Suppose a rational number has the form for and . To see this, multiply the top and bottom by a power of 2 or a power of 5 to get a power of 10 on the bottom. Then , which is represented by a terminating decimal with q being the "decimal part". For example,

Going the other way, note that

For instance,

Thus, a terminating decimal has the form for and .

A decimal expansion is
* periodic* with period k if there is a positive
integer N such that for all
.

* Proposition.* A periodic decimal expansion
represents a rational number.

* Proof.* (Sketch) First consider the simplest
case of a periodic decimal

This is a geometric series with first term and ratio .

a and r are both rational The sum of such a geometric series is , which is also a rational number.

Suppose there is a * pre-period* --- an initial
segment before the repeating part:

This is a sum of two rational numbers: The rational number corresponding to the terminating decimal and the rational number corresponding to the periodic part , shifted by j places. Explicitly, if and , then

Once again, this is rational.

* Example.* Express as a rational number in lowest
terms.

Since the number has period 3, I multiply both sides by :

Next, subtract the first equation from the second:

* Example.* Express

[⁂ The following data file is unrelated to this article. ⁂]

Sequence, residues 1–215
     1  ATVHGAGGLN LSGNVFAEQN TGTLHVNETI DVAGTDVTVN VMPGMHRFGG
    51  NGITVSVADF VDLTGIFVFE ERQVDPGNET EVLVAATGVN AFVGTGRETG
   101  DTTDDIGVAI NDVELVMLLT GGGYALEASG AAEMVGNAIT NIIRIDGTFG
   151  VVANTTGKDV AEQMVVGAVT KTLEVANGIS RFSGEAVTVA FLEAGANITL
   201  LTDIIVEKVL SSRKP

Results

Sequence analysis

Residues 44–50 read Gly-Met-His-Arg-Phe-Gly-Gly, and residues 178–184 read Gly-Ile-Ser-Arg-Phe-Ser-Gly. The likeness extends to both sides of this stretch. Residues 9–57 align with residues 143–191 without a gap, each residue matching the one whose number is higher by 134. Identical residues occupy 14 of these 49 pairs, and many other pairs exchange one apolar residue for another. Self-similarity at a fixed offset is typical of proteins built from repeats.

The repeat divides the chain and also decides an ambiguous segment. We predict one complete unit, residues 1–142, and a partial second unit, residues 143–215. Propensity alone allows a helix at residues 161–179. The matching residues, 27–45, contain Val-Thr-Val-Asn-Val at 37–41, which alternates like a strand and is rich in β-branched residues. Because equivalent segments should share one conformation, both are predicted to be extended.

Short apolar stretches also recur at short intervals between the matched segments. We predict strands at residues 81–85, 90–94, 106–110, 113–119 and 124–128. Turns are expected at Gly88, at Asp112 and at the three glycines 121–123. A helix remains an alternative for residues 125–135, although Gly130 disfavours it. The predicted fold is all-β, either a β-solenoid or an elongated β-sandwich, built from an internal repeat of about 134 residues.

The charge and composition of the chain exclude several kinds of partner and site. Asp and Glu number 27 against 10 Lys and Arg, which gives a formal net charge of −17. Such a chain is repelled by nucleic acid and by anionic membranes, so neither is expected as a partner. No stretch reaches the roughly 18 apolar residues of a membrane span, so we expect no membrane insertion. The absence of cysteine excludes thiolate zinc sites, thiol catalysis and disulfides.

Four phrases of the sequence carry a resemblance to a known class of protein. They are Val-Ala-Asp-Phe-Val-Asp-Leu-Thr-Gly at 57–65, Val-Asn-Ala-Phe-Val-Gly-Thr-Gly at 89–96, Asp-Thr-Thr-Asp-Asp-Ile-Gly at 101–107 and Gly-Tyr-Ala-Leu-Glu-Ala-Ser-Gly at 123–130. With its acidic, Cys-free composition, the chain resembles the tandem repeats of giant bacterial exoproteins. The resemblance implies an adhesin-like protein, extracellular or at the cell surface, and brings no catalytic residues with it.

as a rational number in lowest terms.

Since the number has period 3, I multiply both sides by :

Next, subtract the first equation from the second:

* Example.* Express as a
base-10 rational number in lowest terms.

Since the number has period 3, I multiply both sides by :

Next, subtract the first equation from the second, being careful about the bases: I have base-10 on the left, but base-8on the right.

In the next two problems, I'll use the formula for the sum of a geometric series:

* Example.* Suppose b is an integer and . Express the following as a rational
function of b:

Using the formula for the sum of a geometric series, I have

* Example.* Suppose b is an integer and . Express the following as a rational
function of b:

Using the formula for the sum of a geometric series, I have

* Proposition.* A rational number can be
represented by either a terminating decimal, or a periodic decimal.

* Proof.* (Sketch) Suppose is a rational number in lowest
terms, so , and .

I've already shown that ca be represented by a terminating decimal if and only if for some .

I'll consider the case where , so q is not divisible by 2 or by 5. By Euler's theorem,

Since some positive power of 10 is equal to 1 mod q, there must be a
smallest positive power n such that . (This is called the * order* of 10 mod q.) Thus,

I have

On the other hand, I have the decimal expansion

Here x represents the remainder of the decimal expansion, so

Note that

Hence, .

So multiplying the equation for by , I get

Comparing the two equations for , I have

I have an integer on either side, namely and . I also have on either side numbers in the range , namely and . This is only possible if . This means that at the place the decimal being constructed is the decimal for the original . Hence, the decimal must repeat after that point.

I'll omit the case where , where . In this case, the decimal has a pre-preriod before it begins to repeat.

For example, consider the rational fraction . I have , and checking powers I find that , and this is the smallest positive power of 10 equal to 1 mod 21. Thus, I expect the decimal to have period 6. In fact,

Copyright 2019 by Bruce Ikenaga